It’s been well reported that regular exercise and continued learning throughout one’s lifetime contribute immensely to improved health and well-being. But can physical activity and stimulating experiences help build and maintain more than muscle and memory by actually growing new brain cells?
John Ratey, MD, an associate professor of psychiatry at Harvard Medical School and author of the book A User’s Guide to the Brain from Vintage and an increasing number of neuroscientists say yes. And surprisingly, free choice may be the most important contributor to the effectiveness of exercise and experience in building healthier brains.
Exercise Spurs Cell Growth
Neuroscientific research in the late 1990’s overthrew a long-held scientific belief that the brain is hardwired and fixed by adulthood, and proved that brain cells keep regenerating (neurogenesis) throughout one’s lifetime. Studies have shown that exercise not only improves physical fitness and mood by stimulating pleasure chemicals such as serotonin and dopamine, it actually changes the brain by spurring it to grow new cells.
Ratey calls exercise “…Miracle-Gro for the brain,” and experiments bear out the fact that mice given a wheel to run on have bigger, quicker brains than sedentary mice. Research results published confirm that exercise produces a chemical that stimulates stem cell production and maturation.
Enriched Environment Builds More Networks
The continuing inquiry into what contributes to neurogenesis in the human brain shows that exercise and an enriched environment that includes complex and diverse social and cognitive elements can work together to replace damaged or aging brain cells and successfully integrate them into the brain’s circuitry. Scientists suspect that after exercise generates new cells, stimulating experiences help support the survival of those cells by creating more intricate connections between nerve cells.
The discovery of how exercise and experience work together to renew the brain has come through a series of test results. A team of Berkley scientists showed in the 1960’s that rats raised in enriched environments that included toys, mazes and frequent handling by scientists not only grew bigger brains, but were better at solving mazes than rats raised in barren isolation in a dark and silent room. Subsequent studies at the University of Illinois revealed that rats raised in enriched environments had denser and more extensive connectors between neurons, with meant richer, more complicated brain circuits.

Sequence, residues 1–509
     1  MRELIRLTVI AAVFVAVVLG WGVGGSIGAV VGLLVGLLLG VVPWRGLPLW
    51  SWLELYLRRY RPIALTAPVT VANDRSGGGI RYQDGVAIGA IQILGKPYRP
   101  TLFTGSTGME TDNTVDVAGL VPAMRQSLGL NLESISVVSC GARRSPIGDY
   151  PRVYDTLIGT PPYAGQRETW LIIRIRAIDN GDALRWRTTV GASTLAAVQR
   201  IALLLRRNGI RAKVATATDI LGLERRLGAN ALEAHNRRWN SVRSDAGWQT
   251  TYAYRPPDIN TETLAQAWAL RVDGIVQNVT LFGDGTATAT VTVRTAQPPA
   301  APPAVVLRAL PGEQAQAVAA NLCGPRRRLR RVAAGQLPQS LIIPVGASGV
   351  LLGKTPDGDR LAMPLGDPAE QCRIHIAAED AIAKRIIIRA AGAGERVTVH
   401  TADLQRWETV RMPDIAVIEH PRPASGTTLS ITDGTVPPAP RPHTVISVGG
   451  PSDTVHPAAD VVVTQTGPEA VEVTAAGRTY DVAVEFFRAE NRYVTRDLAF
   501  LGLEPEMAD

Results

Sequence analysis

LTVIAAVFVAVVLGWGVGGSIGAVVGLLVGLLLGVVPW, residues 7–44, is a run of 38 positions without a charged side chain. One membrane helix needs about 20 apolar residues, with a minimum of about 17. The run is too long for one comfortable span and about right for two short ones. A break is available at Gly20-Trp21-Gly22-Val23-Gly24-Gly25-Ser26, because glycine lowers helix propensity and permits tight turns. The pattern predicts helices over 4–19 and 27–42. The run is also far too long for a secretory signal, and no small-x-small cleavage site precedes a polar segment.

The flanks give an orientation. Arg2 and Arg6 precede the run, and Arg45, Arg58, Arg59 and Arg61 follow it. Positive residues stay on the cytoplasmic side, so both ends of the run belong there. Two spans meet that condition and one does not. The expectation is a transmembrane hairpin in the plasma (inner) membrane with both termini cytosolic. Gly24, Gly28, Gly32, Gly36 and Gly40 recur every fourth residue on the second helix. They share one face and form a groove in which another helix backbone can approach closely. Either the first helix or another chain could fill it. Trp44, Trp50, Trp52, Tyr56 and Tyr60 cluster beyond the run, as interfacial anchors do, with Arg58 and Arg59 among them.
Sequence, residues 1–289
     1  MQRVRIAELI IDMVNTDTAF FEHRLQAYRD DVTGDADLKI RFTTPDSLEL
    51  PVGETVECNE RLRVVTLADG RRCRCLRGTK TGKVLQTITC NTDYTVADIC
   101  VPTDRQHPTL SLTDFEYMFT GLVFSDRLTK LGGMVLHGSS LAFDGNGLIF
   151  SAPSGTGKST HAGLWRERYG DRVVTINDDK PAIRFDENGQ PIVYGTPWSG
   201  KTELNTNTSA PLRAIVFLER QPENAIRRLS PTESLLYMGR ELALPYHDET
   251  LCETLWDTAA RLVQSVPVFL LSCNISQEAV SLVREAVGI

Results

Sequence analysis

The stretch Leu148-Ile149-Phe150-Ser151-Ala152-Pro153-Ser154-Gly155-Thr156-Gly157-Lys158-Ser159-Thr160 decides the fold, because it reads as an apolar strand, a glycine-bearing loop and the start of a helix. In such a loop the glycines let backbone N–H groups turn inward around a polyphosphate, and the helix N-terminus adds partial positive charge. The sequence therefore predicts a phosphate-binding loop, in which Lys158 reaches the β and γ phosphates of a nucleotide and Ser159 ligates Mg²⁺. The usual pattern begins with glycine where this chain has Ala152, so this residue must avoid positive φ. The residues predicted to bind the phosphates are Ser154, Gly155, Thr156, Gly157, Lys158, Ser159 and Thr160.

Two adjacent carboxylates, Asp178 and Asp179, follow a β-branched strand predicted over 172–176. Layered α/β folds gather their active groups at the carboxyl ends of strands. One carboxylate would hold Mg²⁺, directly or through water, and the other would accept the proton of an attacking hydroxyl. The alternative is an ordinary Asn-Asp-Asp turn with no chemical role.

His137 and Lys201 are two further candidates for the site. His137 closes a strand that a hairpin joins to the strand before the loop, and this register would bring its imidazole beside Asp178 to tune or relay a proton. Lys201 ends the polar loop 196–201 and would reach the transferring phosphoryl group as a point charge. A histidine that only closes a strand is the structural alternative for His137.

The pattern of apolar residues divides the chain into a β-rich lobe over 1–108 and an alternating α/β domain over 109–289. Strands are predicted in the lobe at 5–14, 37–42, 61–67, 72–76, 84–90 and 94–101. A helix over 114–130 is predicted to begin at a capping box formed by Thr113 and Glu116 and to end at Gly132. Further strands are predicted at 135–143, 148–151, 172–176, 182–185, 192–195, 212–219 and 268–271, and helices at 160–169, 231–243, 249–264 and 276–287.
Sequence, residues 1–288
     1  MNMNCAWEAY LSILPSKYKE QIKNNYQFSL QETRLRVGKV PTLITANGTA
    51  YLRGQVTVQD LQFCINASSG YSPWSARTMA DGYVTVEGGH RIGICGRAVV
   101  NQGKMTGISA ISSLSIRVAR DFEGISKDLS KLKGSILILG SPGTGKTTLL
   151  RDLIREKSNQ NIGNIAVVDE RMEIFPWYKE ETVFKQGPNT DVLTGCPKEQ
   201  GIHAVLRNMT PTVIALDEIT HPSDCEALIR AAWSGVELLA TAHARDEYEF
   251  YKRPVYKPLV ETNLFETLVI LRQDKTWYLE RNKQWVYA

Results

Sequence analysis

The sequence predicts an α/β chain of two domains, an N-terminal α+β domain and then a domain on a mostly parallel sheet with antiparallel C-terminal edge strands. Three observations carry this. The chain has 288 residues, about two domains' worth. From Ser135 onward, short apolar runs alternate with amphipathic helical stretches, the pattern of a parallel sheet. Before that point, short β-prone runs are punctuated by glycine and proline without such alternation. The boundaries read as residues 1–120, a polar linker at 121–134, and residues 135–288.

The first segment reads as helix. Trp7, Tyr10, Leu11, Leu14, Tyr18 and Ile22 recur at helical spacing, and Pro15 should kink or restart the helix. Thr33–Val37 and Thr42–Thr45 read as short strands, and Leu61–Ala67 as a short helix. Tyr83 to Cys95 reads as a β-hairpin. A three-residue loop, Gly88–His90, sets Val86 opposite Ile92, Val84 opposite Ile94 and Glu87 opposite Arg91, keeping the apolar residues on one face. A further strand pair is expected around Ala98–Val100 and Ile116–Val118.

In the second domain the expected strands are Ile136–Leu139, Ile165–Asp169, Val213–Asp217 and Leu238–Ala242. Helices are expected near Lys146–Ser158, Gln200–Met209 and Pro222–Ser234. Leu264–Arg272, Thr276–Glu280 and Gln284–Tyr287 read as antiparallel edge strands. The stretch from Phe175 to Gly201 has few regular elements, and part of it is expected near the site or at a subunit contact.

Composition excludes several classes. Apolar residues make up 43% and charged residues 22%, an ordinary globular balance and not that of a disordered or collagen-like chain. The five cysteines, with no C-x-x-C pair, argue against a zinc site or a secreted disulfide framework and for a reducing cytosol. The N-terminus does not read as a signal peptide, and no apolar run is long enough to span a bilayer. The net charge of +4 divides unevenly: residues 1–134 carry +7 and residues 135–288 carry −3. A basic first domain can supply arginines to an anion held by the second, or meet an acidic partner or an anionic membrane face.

Rich Experiences Boost Older Brains
Then in 1997 Salk Institute Professor Rusty Gage and his colleagues wanted to know if an enriched environment would increase neurogensis in the already developed brains of young adult mice. Their study determined that new neurons increased by 15 percent in the part of the brain that involves learning and memory. A later study showed that older mice—the equivalent of a sixty-five year year old person—got an even greater boost from an enriched environment than younger mice, with new brain cells developing three times the number of the isolated group in the same study.
Free Will Required to Stimulate Neurogenesis?
But Gage also uncovered an interesting twist. Freedom of choice also affect the brain enhancement. Given the fact that exercise alone grew bigger brains, he wanted to know if there was a difference between forced exercise and voluntary exercise. He set up an experiment where one set of mice were free to jump on and off the wheel at will, while another group were placed on a treadmill and prevented from getting off.
What he learned was startling. Forced exercise did not promote the development of new brain cells. And while the stress hormones generated by forced exercise might account for the loss of cells and damaged connections, the voluntary exercise subjects were different in another way. Theta waves, the same brain rhythms that are present when you pay close attention to something, were present in their brains. Gage believes the voluntary component of exercise might be the key to it stimulating neurogenesis.
Gage summarizes his conclusions in a conversation recounted in Sharon Begley’s Train Your Mind Change Your Brain from Ballantine Books : “It seems like the effects of running on neurogenesis and learning are dependent on volition. It has to be a voluntary act. It’s not just the physical activity itself.” Scientists still aren’t clear on exactly what is most important in a complex environment. Does one aspect – exercise, learning or social behavior – contribute more to neurogenesis than the other? The jury may be out on how the pieces connect, but evidence is mounting that by choosing regular exercise and engaging in activities that are interesting and challenging, the human brain can be vigorous and healthy for life.